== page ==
On June 17, 2014, the Department of Labor published a Notice of Proposed Rulemaking (NPRM) regarding the enforcement of Executive Order 13658 that proposes to raise the minimum wage paid by federal contractors to $10.10 per hour.  Interested parties have until July 17, 2014, to provide comments on the proposed rule.

Highlights of the 179-Page NPRM

  • Increases the hourly minimum wage paid by federal contractors and subcontractors to $10.10 for contracts initiated or renewed on or after January 1, 2015.
  • Annual increases to the hourly minimum wage will be tied to the Consumer Price Index for Urban Wage Earners and Clerical Workers and will be rounded to the nearest multiple of $0.05.
  • For tipped employees, the hourly minimum wage will be increased from $2.13 to $4.90. This will be increased annually by the lesser of 95 cents or the amount needed for the tipped minimum wage to reach 70% of the “untipped” minimum wage. The 70% goal will be reached in three years.
  • There is considerable discussion in the NPRM regarding tipped employees, what counts as a tip, and how to calculate overtime pay for a tipped employee. Contractors with tipped employees should give this section a close read.
  • The new minimum wage will be required only for employees actually performing work related to the federal contract. This is good news for employers for whom federal contracts constitute only a small part of their revenue.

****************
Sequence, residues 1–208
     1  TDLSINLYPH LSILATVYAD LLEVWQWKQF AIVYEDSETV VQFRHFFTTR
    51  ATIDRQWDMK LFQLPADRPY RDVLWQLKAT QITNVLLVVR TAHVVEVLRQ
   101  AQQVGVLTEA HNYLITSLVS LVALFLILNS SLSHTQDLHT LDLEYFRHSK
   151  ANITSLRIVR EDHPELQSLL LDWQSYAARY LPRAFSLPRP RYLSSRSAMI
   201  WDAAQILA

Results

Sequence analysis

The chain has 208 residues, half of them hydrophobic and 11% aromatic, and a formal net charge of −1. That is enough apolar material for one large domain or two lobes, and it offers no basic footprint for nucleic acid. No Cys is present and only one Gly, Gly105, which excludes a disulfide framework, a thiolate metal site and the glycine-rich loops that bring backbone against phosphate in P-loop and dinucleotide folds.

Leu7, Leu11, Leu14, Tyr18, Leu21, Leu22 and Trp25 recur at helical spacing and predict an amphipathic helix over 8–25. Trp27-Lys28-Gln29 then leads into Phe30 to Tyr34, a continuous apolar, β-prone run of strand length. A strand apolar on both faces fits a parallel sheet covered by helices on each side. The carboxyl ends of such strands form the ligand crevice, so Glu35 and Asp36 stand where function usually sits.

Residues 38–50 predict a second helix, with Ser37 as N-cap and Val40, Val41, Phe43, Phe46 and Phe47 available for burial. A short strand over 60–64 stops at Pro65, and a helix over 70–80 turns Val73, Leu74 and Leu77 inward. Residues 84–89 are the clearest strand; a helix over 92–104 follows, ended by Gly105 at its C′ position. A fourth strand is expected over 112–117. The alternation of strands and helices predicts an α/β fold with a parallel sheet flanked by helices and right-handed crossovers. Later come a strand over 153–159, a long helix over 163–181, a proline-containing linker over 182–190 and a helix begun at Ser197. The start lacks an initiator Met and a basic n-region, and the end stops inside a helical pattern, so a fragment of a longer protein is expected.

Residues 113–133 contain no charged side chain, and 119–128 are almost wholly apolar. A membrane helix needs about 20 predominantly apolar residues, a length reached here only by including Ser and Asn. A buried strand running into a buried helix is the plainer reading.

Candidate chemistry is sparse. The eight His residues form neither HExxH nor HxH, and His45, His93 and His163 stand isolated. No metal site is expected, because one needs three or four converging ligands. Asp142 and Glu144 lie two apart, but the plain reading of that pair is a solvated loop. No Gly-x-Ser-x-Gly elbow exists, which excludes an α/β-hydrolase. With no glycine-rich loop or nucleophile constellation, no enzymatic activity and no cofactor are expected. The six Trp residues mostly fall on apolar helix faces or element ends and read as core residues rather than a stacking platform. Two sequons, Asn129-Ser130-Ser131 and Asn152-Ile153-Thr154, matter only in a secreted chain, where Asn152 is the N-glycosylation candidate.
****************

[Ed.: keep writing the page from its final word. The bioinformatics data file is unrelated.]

• The Executive Order extends coverage to FLSA-covered employees performing on a SCA-covered contract who provide support on a service contract but who are not “service employees” under the contract for purposes of the SCA. That is, a clerk spending 5% of his/her job processing invoices related to the contract, but not providing direct services related to the contract, would be covered under EO 13658 but would not have been under the SCA.
  • For SCA or Davis-Bacon Act (DBA) jobs, the higher of the prevailing wage or $10.10 must be paid.
  • Consistent with the SCA, but not the DBA, the value of fringe benefits may not be applied to meeting the minimum wage standard. However, deductions made for the reasonable cost or fair value of board, lodging, and other facilities are permitted.
  • Pay periods may not be longer than semi-monthly.
  • The Executive Order will be enforced by the Wage and Hour Division of the Department of Labor.
  • The Federal Government itself is not covered by the Executive Order.

By Mike Aamodt, Ph.D., Principal Consultant, DCI Consulting Group


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